Hurricane Florence: Major Flooding, Damage, And Fake News About Sharks Swimming On Roads

Florence has made landfall. The biggest danger is flooding, which is already widespread. Here’s a round-up of all the overnight and morning news…

Here’s a round-up of the overnight morning news, starting with the most recent updates from the NHC:

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From CNN:

The Category 1 hurricane, with wind of more than 90 mph and dumping 3 inches of rain an hour, made landfall at 7:15 a.m. ET near Wrightsville Beach, just east of Wilmington.

Florence’s center may linger for another whole day along coastal North and South Carolina — punishing homes with crushing winds and floods and endangering those who’ve stayed behind.

In the besieged North Carolina town of New Bern, rescuers plucked more than 100 people from rising waters, but about 150 more had to wait when conditions worsened and a storm surge reached 10 feet.

 

“In a matter of seconds, my house was flooded up to the waist, and now it is to the chest,” said Peggy Perry, who along with three relatives, was trapped early Friday in her New Bern home. “We are stuck in the attic.”

Officials urged residents there to take shelter at the highest points of their homes, including rooftops.

Florence’s rain will reach 40 inches in some parts of the Carolina coasts, and gusty winds will send the ocean and rivers spilling into neighborhoods, forecasters said.

By Friday morning, Florence already had:

• Sapped power to nearly 437,000 customers in North and South Carolina, emergency officials said.

• Pushed in a storm surge of 10 feet above normal levels in Morehead City, North Carolina, the National Weather Service said.

• Forced more than 60 people to evacuate a hotel in Jacksonville, North Carolina, after part of the roof collapsed, city officials said.

• Canceled more than 1,300 flights along the East Coast through Friday.

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From Fox:

Forecasters said the terrifying onslaught would last for several hours, because Florence was barely moving along and still drawing energy from the ocean.

The USGS said the tide in Emerald Isle, N.C. was 7 feet above sea level, while coastal streets flowed with frothy ocean water. More than 400,000 people had already lost power by 8:30 a.m.

Nearly 46 miles farther up the waterfront, in New Bern, about 150 people were waiting to be rescued from floods on the Neuse River, WXII-TV reported.

Forecasters said conditions will continue to deteriorate as the storm creeps inland. Its surge could cover all but a sliver of the Carolina coast under as much as 11 feet of ocean water, and days of downpours could unload more than 3 feet of rain, touching off severe flooding.

Once a Category 4 hurricane with winds of 140 mph, the hurricane was downgraded to a Category 1 on Thursday night.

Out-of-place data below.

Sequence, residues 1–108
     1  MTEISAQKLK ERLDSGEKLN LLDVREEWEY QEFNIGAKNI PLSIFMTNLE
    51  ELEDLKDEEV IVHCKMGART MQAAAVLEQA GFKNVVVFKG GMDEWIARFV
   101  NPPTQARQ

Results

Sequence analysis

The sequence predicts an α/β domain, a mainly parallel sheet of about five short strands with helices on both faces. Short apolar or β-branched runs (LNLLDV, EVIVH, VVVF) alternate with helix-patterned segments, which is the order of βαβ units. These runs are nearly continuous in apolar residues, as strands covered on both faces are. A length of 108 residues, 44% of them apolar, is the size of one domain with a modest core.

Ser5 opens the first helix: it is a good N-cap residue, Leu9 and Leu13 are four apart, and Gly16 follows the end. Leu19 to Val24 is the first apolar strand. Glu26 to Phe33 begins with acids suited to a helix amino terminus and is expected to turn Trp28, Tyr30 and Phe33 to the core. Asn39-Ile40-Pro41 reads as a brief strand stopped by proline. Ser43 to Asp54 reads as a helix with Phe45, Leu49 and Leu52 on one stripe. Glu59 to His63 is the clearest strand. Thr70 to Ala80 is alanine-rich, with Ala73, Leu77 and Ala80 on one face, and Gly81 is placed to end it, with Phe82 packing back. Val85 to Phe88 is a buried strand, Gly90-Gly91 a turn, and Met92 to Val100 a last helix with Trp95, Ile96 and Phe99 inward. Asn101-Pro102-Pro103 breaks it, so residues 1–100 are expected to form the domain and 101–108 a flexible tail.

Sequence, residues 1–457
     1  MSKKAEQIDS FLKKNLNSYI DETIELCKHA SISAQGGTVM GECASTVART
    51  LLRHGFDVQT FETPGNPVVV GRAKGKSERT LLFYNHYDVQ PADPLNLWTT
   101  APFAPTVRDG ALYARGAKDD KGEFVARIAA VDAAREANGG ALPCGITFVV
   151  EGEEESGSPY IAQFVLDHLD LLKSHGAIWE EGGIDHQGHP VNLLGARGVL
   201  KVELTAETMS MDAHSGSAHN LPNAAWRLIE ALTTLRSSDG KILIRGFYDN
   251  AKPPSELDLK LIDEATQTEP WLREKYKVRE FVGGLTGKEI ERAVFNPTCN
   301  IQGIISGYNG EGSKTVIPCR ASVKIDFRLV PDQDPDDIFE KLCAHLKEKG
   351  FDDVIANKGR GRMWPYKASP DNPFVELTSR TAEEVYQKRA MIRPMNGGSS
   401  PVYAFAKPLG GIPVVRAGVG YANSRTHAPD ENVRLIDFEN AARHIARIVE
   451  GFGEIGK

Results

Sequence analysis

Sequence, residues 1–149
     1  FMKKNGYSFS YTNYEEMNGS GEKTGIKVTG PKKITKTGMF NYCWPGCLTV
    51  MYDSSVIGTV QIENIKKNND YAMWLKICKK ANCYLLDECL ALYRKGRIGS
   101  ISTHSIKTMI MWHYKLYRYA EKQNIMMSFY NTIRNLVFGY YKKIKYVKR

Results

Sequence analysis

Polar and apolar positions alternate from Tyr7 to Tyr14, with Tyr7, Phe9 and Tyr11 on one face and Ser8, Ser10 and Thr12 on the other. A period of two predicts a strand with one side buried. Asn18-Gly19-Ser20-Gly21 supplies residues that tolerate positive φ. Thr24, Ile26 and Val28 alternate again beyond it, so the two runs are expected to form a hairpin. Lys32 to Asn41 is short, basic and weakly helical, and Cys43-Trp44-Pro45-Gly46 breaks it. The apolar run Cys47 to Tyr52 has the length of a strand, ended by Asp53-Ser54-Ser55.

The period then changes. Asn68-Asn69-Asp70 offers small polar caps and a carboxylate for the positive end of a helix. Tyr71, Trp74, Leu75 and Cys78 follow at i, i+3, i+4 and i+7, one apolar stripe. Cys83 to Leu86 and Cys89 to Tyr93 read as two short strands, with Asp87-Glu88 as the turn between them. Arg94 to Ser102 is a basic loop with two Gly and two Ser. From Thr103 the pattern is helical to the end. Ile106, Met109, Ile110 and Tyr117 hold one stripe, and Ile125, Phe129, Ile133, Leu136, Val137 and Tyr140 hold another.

North Carolina Gov. Roy Cooper urged residents to seek shelter and stay alert.

“Don’t relax, don’t get complacent. Stay on guard. This is a powerful storm that can kill. Today the threat becomes a reality,” Cooper said.

Officials said some 1.7 million people in the Carolinas and Virginia were warned to evacuate, but it’s unclear how many did. The homes of about 10 million were under watches or warnings for the hurricane or tropical storm conditions.

In Jacksonville, N.C., about 70 occupants – including an infant, other children, and pets – were evacuated from the Triangle Motor Inn after hurricane-force winds collapsed portions of the hotel’s roof. The evacuees were taken to the Jacksonville Center for Public Safety while authorities searched for more permanent quarters during the storm. Jacksonville is about 60 miles northeast of Wilmington.

Forecasters said that given the storm’s size and sluggish track, it could cause epic damage akin to what the Houston area saw during Hurricane Harvey just over a year ago, with floodwaters swamping homes and businesses and washing over industrial waste sites and hog-manure ponds.

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From this morning:

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In no particular order:

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This caused some controversy for a while:

But according to LEX18:

Currently there is a post circulating on social media that says Florence “now contains sharks.” It should go without saying that this is not true. But just in case you need to read it here…IT’S NOT TRUE.

Shark hoaxes are fairly common during natural disasters involving flooding. As a matter of fact, last year the same thing happened with Hurricane Harvey.

 

 

 




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